We Teach | We Learn is a recent independently published textbook offering from David Deubelweiss, the energy behind the popular EFL Classroom 2.0 community. I purchased this a week or so ago and gave it a good look over. It's certainly great to see an educator getting out there and doing something in the self-publishing arena, and I really do hope this will be a growing movement that sees a wealth of alternative coursework material options becoming available across the World Wide Web.
I'll let David himself introduce the book to you, shall I?
My own impressions of We Teach | We Learn involve (as with any ELT coursework out there, including my own of course!) a variety of positives and doubts.
Beginning with the positives, I found the activities very well-designed, with a clear (and good) emphasis on getting the learners involved and interacting with each other. The range of topics and activity types is well selected and balanced. The physical design is minimalist, consistent and clear, with a nice sense of space. I really like the use of weblinks embedded into the bottom footer of most pages, allowing further exploration of video, texts and voicethreads available around the Internet. The support offerings in the form of wiki, online community, access to editable versions of the material, etc. are fantastic.
However, I think We Teach | We Learn has some ways to go if anyone is going to bill it as a viable alternative 'coursebook' offering, and hence, its price tag of $9.99 USD.
The first thing I would point out is the issue of formatting and editing. The weblinks provided at the bottom of pages in the PDF version of the material wouldn't work for me. I'm not ruling out a mistake on my behalf here, but I regularly produce and use PDF documents with weblinks embedded in them and they work fine on my computer. My guess is that the PDF settings used when creating the document didn't cover activation of the weblinks - but again, I could be wrong here.
I managed to access some of the weblinks by using the .rtf versions of the worksheets on the wiki provided. Good, but I'm not sure it's a good thing to have so many links heading directly onto pages of the EFL Classroom 2.0 ning pages. As a teacher forum, I don't know how healthy it is to have students straying over into the content there, and the format of the pages allows for too many potential distractions.
And call me fussy, but a textbook that finishes with a grand-looking certificate awarding outstanding performance in English as Second Lenguage just doesn't quite cut it!
These are relatively minor glitches that can be repaired fairly easily by the author, I should think, but in some ways this reinforces the attractiveness of more commercial publishers who won't take a product to market until it has been fully edited and tested for reliability -- especially for any of the technical and user-friendly aspects. There is a valuable lesson for budding self-publishers here: Check your work carefully using multiple sources and make sure you've got it right before asking teachers around the world to pay for it!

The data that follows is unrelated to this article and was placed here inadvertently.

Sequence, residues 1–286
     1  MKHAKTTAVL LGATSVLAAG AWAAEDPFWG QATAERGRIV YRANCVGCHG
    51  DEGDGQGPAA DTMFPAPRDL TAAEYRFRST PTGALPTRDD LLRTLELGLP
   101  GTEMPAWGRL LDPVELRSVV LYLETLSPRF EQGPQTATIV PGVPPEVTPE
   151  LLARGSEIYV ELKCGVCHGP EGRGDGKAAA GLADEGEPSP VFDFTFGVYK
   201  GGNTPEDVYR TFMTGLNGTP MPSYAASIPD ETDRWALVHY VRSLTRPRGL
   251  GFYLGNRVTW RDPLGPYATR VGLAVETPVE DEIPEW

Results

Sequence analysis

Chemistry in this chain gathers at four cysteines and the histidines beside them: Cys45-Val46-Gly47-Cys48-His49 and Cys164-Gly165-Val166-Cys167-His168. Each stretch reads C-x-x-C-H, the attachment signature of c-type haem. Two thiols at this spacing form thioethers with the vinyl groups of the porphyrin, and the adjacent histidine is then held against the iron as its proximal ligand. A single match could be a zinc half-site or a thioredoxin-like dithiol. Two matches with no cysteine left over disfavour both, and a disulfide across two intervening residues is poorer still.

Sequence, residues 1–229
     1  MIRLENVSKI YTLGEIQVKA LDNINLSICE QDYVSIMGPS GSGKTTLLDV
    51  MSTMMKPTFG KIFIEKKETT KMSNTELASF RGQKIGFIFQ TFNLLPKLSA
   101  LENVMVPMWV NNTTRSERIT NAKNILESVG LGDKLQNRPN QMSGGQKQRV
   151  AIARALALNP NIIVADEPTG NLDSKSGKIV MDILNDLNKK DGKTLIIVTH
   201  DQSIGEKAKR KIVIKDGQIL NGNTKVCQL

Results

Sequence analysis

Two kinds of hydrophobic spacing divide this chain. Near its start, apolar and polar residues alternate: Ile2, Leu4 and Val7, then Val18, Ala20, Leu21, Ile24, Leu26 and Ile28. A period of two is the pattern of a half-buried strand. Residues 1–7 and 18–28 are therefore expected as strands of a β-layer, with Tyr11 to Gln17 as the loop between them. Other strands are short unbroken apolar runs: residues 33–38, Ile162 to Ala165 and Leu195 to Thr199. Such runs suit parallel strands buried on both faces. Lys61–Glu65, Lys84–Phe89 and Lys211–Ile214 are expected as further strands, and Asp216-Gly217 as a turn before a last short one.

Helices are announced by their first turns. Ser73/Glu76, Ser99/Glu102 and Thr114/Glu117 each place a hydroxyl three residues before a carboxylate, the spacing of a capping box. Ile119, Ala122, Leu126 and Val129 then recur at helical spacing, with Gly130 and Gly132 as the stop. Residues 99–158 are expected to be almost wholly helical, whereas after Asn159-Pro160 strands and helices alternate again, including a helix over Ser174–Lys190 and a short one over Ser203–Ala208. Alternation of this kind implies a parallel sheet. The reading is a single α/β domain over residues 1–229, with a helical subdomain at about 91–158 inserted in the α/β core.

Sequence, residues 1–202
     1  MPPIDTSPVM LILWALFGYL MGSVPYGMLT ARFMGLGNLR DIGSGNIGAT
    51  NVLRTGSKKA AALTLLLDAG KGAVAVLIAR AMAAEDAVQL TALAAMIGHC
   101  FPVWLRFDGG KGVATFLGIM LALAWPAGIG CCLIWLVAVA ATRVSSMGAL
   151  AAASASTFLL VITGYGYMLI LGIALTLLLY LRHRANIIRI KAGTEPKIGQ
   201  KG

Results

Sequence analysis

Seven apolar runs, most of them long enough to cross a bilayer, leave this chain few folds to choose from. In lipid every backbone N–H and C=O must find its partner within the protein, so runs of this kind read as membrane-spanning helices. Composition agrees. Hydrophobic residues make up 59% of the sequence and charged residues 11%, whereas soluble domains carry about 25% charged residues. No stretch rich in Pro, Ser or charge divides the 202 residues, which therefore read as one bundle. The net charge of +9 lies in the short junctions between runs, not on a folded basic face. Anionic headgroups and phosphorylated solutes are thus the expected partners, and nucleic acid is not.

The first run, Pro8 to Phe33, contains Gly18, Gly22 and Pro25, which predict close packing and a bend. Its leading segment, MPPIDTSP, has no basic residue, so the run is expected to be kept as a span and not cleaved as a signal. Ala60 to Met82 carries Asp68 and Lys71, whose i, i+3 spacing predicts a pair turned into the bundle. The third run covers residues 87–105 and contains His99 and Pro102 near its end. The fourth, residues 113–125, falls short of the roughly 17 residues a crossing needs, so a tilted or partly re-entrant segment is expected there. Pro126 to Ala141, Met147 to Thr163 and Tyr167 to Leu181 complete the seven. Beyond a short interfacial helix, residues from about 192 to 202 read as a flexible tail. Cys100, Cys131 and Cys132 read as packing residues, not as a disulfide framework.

What concerns me somewhat more, however, is the 'marketing angle' adopted by David with this work. He calls it a collection of SCC (Student Created Content) and alludes to it as an approach which deemphasises the (tyrannical?) role of the teacher or coursework writer as 'expert', to whom students and their learning are made subject.
Personally, I thought the material and activities here were great, but potentially just as prescriptive (or even proscriptive) and teacher/coursebook led as anything else being produced in ELT. The topics are pre-set. The instructions are clear -- there is a particular way to complete an activity using certain kinds of topics and language. Students are invited to add their own feelings and responses, but again: no more than I regularly see through mainstream coursebooks and their associated workbooks, supplements and online offerings.
If SCC were a continuum, I would place it fairly well short of the middle of the spectrum. More towards the teacher/coursework led end of things, that is.
In fact, what you get with We teach | We Learn is a collection of short supplements (well-designed and with good pedagogical goals), just as you regularly get with good commercial coursebooks available, only minus the well-designed input and controlled practice elements. I personally can manage quite well with such supplements, but I don't really see the (progressive) point in portraying teachers as slaves to an evil coursebook publishing regime just because they want to use pre-provided syllabus, reading and listening passages, grammar points and controlled practice elements as well as the more open and personalisable extensions.
An excellent set of materials it is.
An excellent example of independently produced material (and how to market and distribute it) that I hope more teachers will be inspired by and seek to emulate.
A revolutionary approach to teaching and learning that turns the work of mainstream ELT authors and their publishers completely on its head... it is not.
David has made a brave start in this area, which was essentially why I chose to purchase the book myself rather than ask for a free review copy. But there's work to be done to improve the offering as well as the ideological stance accompanying it.
And I wish David and any other budding self-publishing ELTers out there all the very best with it. Don't give up! You'll get at least one sale from this blog writer, because I believe in what you're trying to accomplish.
Part of that, of course, will involve learning to handle the reviews and criticism -- just as the 'big' ELT writers and publishers have to!